The past few months have been full of introspection. For the first time, the world seemed to slow down and allow me to bask in my thoughts. Merriam-Webster defines introspection as: "a reflective looking-inward; an examination of one's thoughts and feelings." As an empath, my feelings and the environment become a fluid interchange. I have a vital concern for others at an unbreakable depth, and yet my emotional empathy and capability to self soothe is deeply repressed due to childhood conditioning. My depression the past few months guided me into a profound transformation that changed my life for the better. I sometimes become a stranger to my own emotional experience, so I learned to use my solitude to create my own paradise to retreat into.
Over the past few weeks, life as we know it has taken a plot twist. Between the global quarantines and the fear-based media lies our sanity gasping for air. What if I told you you could escape within yourself, and there was a silver lining? I want to change the way you view this new norm; see it as a blessing and less of a curse.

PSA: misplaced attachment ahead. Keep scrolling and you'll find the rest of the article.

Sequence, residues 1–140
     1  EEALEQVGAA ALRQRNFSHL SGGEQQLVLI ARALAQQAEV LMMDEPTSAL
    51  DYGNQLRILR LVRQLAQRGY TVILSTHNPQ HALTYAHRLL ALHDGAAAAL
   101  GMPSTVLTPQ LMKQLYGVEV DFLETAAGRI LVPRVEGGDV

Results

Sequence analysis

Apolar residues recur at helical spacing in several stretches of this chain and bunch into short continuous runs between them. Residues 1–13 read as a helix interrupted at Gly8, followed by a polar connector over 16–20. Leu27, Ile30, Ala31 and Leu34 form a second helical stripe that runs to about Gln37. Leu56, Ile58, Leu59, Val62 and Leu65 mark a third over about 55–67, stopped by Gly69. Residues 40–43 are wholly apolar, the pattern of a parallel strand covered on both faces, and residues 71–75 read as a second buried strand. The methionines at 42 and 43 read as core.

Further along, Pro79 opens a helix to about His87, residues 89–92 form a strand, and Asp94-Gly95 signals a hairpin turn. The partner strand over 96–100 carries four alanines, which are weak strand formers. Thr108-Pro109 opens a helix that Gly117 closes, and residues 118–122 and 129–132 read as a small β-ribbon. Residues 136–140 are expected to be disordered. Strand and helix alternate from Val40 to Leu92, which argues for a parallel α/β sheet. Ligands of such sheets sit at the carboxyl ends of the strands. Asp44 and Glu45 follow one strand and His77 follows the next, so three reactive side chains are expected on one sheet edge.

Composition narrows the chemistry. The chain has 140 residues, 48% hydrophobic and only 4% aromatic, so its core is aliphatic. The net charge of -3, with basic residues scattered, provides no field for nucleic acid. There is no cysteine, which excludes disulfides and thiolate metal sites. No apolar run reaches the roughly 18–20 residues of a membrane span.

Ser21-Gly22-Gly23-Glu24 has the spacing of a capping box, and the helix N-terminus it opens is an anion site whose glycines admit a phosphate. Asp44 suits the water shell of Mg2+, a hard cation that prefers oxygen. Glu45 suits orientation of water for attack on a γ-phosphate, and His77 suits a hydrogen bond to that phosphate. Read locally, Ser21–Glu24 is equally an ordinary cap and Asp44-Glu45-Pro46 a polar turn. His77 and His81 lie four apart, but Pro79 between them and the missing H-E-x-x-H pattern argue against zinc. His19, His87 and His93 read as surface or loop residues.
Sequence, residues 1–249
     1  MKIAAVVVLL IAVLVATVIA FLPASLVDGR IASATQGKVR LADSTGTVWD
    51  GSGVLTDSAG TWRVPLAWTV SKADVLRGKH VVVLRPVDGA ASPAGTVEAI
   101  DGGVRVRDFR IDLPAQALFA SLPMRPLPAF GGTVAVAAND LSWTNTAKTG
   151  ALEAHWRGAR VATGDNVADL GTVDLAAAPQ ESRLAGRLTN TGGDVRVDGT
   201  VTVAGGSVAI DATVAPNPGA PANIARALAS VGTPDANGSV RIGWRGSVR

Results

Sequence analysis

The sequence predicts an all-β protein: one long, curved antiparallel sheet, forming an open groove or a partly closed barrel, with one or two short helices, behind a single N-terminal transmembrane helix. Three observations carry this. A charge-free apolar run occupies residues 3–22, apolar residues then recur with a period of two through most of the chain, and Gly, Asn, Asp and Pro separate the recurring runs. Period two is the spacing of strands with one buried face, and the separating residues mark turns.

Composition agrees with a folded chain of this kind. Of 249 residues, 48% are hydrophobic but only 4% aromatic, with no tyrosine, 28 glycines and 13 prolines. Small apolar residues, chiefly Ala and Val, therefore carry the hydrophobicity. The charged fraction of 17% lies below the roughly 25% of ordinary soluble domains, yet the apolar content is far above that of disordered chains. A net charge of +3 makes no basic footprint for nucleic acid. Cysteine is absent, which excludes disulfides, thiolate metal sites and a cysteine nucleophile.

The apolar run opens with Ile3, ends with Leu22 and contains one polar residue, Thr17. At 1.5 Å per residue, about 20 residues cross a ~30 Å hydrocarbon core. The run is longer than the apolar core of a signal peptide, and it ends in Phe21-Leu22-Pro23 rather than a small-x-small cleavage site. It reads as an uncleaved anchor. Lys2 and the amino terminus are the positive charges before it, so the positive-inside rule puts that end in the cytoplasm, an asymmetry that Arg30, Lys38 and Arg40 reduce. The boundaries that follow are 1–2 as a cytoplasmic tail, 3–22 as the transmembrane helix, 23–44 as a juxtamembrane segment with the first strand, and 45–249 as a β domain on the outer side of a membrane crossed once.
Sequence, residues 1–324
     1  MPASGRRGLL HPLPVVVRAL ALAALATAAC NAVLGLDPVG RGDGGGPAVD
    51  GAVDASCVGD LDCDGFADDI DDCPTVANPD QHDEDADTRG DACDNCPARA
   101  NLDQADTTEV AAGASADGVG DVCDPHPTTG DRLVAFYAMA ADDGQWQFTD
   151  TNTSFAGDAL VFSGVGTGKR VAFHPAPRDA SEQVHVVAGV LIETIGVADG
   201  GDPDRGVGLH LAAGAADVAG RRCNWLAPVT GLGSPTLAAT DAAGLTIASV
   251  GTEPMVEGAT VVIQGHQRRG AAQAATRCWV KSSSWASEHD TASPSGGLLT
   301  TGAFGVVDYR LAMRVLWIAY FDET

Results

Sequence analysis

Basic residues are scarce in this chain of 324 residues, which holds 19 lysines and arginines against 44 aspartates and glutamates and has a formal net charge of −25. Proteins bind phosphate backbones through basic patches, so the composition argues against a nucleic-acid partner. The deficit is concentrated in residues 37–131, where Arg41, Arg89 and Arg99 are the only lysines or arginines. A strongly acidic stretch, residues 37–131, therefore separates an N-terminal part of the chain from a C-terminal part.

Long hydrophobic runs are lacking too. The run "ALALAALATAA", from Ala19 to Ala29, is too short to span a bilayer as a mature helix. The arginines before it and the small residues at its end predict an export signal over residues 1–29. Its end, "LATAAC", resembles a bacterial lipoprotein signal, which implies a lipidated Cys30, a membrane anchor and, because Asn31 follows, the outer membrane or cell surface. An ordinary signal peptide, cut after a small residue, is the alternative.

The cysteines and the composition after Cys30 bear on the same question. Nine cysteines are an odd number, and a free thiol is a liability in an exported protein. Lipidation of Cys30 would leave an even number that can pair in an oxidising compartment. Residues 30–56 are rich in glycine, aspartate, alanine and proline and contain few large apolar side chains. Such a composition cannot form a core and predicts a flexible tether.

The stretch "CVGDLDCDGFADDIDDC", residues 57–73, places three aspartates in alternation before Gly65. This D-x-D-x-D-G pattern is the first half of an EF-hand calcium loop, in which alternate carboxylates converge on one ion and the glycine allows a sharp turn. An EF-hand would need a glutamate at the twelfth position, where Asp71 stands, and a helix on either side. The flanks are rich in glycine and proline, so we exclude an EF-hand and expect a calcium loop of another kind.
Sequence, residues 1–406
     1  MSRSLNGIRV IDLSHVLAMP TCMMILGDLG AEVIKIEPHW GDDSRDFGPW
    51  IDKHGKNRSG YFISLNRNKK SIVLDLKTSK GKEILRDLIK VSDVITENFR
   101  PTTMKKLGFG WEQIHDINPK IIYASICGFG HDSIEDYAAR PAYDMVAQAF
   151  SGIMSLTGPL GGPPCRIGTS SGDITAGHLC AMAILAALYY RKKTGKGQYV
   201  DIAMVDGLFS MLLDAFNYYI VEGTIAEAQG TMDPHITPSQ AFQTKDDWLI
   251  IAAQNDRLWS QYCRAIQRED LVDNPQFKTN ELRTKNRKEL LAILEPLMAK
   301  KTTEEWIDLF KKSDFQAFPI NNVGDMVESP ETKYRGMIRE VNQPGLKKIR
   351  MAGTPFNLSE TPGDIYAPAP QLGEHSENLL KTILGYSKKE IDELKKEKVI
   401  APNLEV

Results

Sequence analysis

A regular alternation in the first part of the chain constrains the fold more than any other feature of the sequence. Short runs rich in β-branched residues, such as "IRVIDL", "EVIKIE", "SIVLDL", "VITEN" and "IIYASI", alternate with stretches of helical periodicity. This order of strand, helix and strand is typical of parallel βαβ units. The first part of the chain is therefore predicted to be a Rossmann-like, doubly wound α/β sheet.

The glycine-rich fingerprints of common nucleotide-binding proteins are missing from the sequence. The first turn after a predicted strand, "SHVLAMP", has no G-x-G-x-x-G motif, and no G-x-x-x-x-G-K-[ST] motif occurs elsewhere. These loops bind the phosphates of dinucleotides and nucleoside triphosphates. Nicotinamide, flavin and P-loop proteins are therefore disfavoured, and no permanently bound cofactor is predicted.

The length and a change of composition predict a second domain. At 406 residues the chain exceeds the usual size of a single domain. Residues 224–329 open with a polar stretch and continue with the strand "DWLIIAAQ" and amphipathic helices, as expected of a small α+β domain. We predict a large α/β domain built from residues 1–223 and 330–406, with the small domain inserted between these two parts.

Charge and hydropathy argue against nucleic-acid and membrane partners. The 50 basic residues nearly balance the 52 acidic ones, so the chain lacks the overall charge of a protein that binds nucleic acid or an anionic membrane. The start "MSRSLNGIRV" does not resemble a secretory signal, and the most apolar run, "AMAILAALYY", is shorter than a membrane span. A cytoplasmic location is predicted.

I was in the 5th Grade at P.S.6 running in the gym, and the gym teacher pulled me aside. She asked me if I wanted to run for Colgate Woman’s Games & after asking my grandmother, I joined the team. It was only five races a year, but it made me feel excellent inside. I remember looking at my grandma before the gun went off at the starting line; her eyes were different. The way my grandma looked at me changed, I can’t describe how she looked in words, but it was like she saw hope in me. I decided to keep running, and in 2005 I moved from Brooklyn, NY to Hasbrouck Heights, NJ. I was the shyest girl you could ever meet. I was the youngest in all my classes; I sat in the back, hidden with a mouth full of metal & I hardly spoke, and my grades for D’s and F’s. Later in life, I discovered I was dyslexic, and it went undiagnosed. As a child, I could go days without speaking because I stuttered horribly and had to leave P.S. 91 to go to P.S. 6 due to bullying.
I knew I had a purpose, but why did I feel like cellophane? I grew up in Brooklyn, New York, in the early '90s between the dope dealers on Flatbush and the Haitians playing dominos on Church Ave. My mother got pregnant with me at fifteen years old, and my father was shot and killed three days after my first birthday. Growing up in Brooklyn was rough; however, I made the most of it. No matter how turbulent things were, I always found my silver lining, and I didn't give up. When I was nine, I ended up homeless with my mother, and I experienced hunger for the first time. Twenty-nine years of profound experiences gave me the grit to make something of my life and share my story to inspire other women.